5. “Gifted” is seen as a four letter word: Some kind-hearted people think that it is elitist or unfair to describe or think of a child as gifted because it implies that they are “better than” or “superior” to others. This may be driven by a desire to be inclusive, treat everyone equally, and make people feel good. Strangely, not every child is expected to be equally gifted at sports where it is “allowed” to describe a child as athletically gifted. But it isn’t very “politically correct” to focus attention on intellectual giftedness and really hasn’t been since the 1950’s.

6. Misinterpretation of diagnostic criteria: The criteria psychologists use to make diagnoses are generally taken from the APA’s Diagnostic and Statistical Manual (DSM-5). One area of misunderstanding is that psychologists and school staff may be under the impression that a student has to be performing below the average level (e.g. below the 25th percentile) for their age or grade to be diagnosed with a learning disability. This is actually not true. Under “Diagnostic Features” the DSM-5 states: “academic skills are distributed along a continuum, so there is no natural cut point that can be used to differentiate individuals with and without specific learning disorder,” and “specific learning disorder may also occur in individuals identified as intellectually gifted. These individuals may be able to sustain apparently adequate academic functioning by using compensatory strategies…” Thus the code acknowledges that a gifted student may perform at the average, or “apparently adequate” level, yet still have a learning disability. But many school staff and even psychologists haven’t read the fine print.

7. Incomplete, cursory assessment: To do a top-notch assessment requires gathering a lot of background data and test data while applying critical thinking skills, testing hypotheses, and being willing to keep looking until the answers are revealed. While some diagnoses are clear-cut and relatively easy to make, most gifted and twice exceptional learners are harder to figure out. Not every psychologist is eager to dedicate that much energy and time. Time is money. Sometimes parents are the ones hoping for a quick fix to what may actually be a rather complicated problem.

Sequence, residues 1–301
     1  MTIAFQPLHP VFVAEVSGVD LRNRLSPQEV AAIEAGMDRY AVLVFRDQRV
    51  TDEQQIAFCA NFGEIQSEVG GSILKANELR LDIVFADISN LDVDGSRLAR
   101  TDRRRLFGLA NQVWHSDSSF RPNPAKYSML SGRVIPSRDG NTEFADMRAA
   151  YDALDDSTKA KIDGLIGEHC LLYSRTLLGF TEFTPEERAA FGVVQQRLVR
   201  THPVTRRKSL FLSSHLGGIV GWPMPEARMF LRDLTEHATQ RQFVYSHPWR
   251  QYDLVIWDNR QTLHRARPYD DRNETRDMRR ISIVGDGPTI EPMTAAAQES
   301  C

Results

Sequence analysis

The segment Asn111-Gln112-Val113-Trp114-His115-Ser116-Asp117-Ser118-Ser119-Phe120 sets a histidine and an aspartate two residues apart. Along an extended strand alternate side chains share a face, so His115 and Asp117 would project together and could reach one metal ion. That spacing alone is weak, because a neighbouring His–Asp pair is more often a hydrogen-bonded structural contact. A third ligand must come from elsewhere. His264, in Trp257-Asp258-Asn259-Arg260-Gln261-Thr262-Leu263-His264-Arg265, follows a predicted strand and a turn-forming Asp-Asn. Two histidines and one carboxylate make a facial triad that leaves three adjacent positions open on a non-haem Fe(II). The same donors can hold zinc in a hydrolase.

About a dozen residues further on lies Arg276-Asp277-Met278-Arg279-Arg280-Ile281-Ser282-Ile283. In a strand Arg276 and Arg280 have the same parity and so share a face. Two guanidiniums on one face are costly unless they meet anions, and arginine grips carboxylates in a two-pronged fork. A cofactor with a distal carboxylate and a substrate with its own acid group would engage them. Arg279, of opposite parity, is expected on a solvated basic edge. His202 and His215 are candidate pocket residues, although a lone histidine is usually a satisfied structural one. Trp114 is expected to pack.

8. Emotions get in the way: Parents may want their child to be diagnosed with a learning disability because it seems more hopeful than being told their child has a general intellectual disability. Or because it explains why they are under-performing despite high ability when the real problem is social, emotional, or family problems. Conversely, they may not want their child to be diagnosed with a disability because they feel it would be stigmatizing. Sometimes the emotions or preconceptions of the psychologist influence them to downplay findings to protect parents and child from disappointment. I’ve seen reports that pussyfoot so timidly around a diagnosis that parents are left mistakenly thinking there was nothing they really need be concerned about. This seems to be particularly common with autism/Asperger’s diagnoses. And ADHD. And emotional and behavioral problems.

9. Not observing and listening to the student: It never ceases to amaze me how much even very young children know about themselves. Of course they may not come right out and say it, but if they are observed carefully and asked the right questions in a welcoming and nurturing environment, amazing insights come out. Perceptive, sensitive gifted learners have finely tuned antennae making them profoundly aware of exactly where they are not doing as well as their peers or as they’d like. All one has to do is observe and ask.

10. Not observing and listening to the parent: Even though few parents have been professionally trained in picking up these kinds of clues, I find that they often are the first to notice something is up – and the most persistent to find solutions. If they raised the issue with their pediatrician they may have been told it was probably developmental and not to worry. If they raised the issue with their child’s teacher they may have been told their child was at grade level and not to worry. But parents are really good at worrying. When they “know” or “feel” something is up, they should trust their instincts. They’re often right.

If I can help you understand your gifted or twice-exceptional student better, schedule a time to talk with me by e-mailing dm@drdevon.com.